In addition to camouflaging themselves during daylight hours, Sepia apama uses adaptable night camouflage to conceal itself from nightime predators; animals in spawning aggregations have been shown to cease sexual signaling behaviors and become sessile and camouflaged during the night. Remarkably, the camouflaged body patterns at night are tailored to each microhabitat that the animal might rest in, providing evidence that their night vision is excellent and that night predators also have keen vision.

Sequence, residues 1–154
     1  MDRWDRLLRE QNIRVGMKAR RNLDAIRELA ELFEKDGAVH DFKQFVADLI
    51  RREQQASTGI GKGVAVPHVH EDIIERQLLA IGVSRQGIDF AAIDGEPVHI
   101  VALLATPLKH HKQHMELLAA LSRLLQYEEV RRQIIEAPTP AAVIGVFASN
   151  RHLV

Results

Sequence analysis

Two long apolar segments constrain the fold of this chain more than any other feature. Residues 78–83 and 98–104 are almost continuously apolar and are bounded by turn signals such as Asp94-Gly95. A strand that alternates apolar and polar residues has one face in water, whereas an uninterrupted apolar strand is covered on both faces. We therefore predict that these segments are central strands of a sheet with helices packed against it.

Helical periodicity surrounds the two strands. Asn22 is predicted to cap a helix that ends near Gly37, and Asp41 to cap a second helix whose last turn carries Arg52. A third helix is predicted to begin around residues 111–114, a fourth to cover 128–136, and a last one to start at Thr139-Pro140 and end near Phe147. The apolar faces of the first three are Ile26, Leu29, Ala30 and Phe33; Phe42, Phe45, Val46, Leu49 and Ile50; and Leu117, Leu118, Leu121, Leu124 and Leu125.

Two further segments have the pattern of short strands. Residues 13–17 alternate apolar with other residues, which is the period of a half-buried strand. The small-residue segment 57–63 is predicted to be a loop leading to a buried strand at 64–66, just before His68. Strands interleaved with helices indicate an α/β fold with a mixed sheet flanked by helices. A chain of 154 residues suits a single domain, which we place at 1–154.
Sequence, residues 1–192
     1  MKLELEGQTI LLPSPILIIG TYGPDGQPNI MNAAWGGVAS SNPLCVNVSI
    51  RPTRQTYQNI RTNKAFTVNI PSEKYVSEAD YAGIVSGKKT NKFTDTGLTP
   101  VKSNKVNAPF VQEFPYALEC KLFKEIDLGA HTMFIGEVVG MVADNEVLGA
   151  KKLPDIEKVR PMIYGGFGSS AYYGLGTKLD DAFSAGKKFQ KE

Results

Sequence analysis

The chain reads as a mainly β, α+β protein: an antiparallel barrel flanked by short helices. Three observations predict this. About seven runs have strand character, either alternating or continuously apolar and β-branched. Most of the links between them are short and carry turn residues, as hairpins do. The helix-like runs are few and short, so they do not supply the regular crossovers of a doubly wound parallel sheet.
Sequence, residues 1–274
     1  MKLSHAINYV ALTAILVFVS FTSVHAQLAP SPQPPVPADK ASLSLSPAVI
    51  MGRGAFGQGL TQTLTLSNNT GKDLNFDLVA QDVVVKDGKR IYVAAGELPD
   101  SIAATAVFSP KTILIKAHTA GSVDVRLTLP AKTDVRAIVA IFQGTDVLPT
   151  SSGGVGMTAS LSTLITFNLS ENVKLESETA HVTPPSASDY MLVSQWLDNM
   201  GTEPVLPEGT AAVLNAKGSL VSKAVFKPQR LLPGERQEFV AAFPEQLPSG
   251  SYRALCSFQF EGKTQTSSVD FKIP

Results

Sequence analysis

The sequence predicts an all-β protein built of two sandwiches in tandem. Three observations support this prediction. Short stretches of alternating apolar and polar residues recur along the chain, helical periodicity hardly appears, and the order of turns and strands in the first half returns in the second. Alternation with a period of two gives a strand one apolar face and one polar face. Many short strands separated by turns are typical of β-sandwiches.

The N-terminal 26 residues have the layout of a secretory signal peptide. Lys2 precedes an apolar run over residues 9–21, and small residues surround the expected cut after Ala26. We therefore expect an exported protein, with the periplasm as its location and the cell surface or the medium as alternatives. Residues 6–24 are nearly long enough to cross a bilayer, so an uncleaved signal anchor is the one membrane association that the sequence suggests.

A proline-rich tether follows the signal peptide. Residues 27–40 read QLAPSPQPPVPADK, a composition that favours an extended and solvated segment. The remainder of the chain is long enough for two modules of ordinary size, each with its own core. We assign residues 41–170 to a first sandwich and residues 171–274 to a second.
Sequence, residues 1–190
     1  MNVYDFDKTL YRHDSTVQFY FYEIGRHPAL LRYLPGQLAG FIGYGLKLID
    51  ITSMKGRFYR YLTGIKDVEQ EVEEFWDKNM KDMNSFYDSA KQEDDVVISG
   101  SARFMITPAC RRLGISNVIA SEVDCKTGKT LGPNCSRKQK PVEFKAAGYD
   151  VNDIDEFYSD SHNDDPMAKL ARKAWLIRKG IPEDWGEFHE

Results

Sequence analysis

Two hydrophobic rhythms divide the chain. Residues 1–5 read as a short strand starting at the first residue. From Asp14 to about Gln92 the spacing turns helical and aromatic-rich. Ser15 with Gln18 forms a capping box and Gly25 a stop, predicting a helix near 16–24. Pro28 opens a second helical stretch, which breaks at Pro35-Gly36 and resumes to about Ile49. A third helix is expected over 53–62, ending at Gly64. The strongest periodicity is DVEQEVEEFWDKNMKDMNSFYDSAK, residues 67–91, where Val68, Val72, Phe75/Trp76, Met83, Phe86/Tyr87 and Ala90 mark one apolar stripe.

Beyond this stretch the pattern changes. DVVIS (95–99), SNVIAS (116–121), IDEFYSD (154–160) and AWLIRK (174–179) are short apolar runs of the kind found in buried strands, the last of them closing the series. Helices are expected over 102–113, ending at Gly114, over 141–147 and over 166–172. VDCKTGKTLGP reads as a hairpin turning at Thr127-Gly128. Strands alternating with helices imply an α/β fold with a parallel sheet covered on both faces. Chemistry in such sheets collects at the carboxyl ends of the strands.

Hanlon, R. T., M. J. Naud, J. W. Forsythe, K. Hall, A. C. Watson, and J. McKechnie. 2007. Adaptable night camouflage by cuttlefish. Am Nat 169: 543-551
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